Hot Pot Is for Everyone

Good morning. Hot pot’s on the docket for Saturday night: a big metal tureen of soup bubbling over a burner in the center of the dining table, into which we’ll float slices of beef, cubes of tofu, leafy greens, oyster mushrooms, rounds of sweet potato, rice cakes, cubes of daikon radish and lots and lots of dumplings to welcome the Lunar New Year.

Allison Jiang has the particulars in The New York Times, and Naz Deravian delivered a recipe (above) that’s really just an outline. Your hot pot might be numbingly spicy in the Sichuan tradition, loaded with seafood in the Cantonese style, made with meat or made only with vegetables. You might use vermicelli noodles in it. Or dried tofu sheets. I like chile crisp in mine, white pepper and a float of sesame oil across the surface of the broth. It’s fun to experiment.


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Our friends at Wirecutter have a smart guide to the equipment you’ll need to be a home hot pot ace, but it’s important to note that you can improvise too, using a slow cooker, Instant Pot or rice cooker in place of the induction or propane burner the experts call for. You could even use a fondue set, if you have one. (In Switzerland, there’s a holiday version of fondue called fondue Chinoise, which is essentially a Eurofied hot pot, with a rich beef broth used in place of the traditional cheese.) Hot pot’s for everyone.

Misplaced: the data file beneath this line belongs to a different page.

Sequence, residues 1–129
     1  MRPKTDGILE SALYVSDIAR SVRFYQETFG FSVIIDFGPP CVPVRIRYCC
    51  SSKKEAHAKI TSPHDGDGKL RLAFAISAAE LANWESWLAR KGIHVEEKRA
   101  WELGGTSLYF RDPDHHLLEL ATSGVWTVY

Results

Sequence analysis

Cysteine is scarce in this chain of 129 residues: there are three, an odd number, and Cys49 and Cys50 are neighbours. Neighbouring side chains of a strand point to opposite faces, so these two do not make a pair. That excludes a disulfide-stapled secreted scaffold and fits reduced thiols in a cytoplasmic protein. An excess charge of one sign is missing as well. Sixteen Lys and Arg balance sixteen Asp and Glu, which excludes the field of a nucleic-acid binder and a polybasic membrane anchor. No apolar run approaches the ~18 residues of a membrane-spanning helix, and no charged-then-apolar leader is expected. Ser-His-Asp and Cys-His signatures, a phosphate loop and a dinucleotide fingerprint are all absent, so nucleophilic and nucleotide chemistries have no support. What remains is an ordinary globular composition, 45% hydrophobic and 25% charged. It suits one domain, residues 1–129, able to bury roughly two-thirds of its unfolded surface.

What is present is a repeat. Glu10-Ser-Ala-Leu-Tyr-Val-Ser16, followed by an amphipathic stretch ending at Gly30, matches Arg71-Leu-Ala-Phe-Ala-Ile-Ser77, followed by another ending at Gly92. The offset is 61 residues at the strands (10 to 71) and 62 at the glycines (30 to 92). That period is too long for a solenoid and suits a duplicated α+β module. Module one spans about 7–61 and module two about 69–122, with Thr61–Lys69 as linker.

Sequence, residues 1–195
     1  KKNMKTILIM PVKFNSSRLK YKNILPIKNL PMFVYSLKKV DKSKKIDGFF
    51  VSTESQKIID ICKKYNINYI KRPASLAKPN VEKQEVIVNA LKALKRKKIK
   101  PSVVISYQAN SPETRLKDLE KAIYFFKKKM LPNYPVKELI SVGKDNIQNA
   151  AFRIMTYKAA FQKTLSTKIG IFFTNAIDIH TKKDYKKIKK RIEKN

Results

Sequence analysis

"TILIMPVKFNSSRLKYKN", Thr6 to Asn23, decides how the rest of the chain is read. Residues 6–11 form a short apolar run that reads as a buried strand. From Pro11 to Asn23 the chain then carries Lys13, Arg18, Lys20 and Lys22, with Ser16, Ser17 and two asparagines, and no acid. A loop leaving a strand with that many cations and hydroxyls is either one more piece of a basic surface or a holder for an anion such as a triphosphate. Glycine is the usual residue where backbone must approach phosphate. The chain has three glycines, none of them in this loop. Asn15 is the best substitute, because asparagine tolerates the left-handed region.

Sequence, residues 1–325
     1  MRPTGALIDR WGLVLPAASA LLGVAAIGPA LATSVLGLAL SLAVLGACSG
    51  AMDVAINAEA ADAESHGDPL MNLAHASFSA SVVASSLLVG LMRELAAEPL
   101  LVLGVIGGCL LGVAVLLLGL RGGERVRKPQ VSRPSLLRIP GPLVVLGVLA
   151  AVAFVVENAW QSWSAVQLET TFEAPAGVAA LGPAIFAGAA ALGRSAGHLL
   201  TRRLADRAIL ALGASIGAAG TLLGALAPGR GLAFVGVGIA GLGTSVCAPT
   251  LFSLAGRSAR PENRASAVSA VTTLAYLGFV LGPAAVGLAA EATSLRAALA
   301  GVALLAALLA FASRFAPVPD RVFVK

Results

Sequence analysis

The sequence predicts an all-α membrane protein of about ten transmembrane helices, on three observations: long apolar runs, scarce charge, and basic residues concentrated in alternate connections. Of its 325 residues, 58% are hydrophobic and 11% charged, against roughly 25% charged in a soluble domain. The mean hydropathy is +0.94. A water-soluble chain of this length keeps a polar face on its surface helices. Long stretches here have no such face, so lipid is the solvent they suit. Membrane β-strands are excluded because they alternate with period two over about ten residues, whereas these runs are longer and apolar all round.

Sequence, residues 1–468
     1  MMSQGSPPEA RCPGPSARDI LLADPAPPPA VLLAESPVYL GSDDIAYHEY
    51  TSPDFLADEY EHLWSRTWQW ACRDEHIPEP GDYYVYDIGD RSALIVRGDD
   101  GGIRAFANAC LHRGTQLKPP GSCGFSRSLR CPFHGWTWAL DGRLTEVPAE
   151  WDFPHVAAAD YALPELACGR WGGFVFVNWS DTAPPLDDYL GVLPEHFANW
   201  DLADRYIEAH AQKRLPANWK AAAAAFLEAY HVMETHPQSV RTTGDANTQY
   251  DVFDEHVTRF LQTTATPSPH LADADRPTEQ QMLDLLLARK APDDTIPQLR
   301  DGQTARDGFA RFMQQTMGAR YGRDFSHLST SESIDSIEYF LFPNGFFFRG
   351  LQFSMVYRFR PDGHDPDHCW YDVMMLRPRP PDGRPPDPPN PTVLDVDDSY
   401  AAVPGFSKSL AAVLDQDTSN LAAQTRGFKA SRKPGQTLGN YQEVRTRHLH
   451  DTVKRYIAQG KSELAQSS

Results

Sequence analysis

As is the Super Bowl, which for many will take up most of Sunday’s hours: the 49ers and the Chiefs facing off in Las Vegas at 6:30 p.m. Eastern time, as purely American a sentence as I have ever typed. You could make Buffalo chicken dip for the game, stromboli, pulled pork, turkey chili, Chex mix, garlic bread or queso.

I’ll go with chicken wings, ranch dressing and nachos, myself, with hot fudge sundaes for dessert. But follow your heart. I could imagine a really pleasant evening of steak Diane, with the Calidore String Quartet playing Beethoven in the background, no football anywhere and some gin rummy to wind down the evening.

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Now, it’s nothing to do with pork loin or barberries, but William Boyd, in The New York Times Book Review, got me excited to read Paul Theroux’s new novel, “Burma Sahib,” which is set in 1922 and imagines the life of 19-year-old Eric Blair as a police officer in what was then the British colony of Burma (now Myanmar), some years before Blair became the writer George Orwell.

The Brothers Sun,” on Netflix, manages to walk the border between comedy and drama fairly well, and the fight scenes are terrific — comic book panels brought to life.

And Patrick Radden Keefe on the mysterious death of a London teen, in The New Yorker? Riveting.

Finally, Paramore covering Talking Heads? Yes, actually: “Burning Down the House.” Hold tight. I’ll see you on Sunday.

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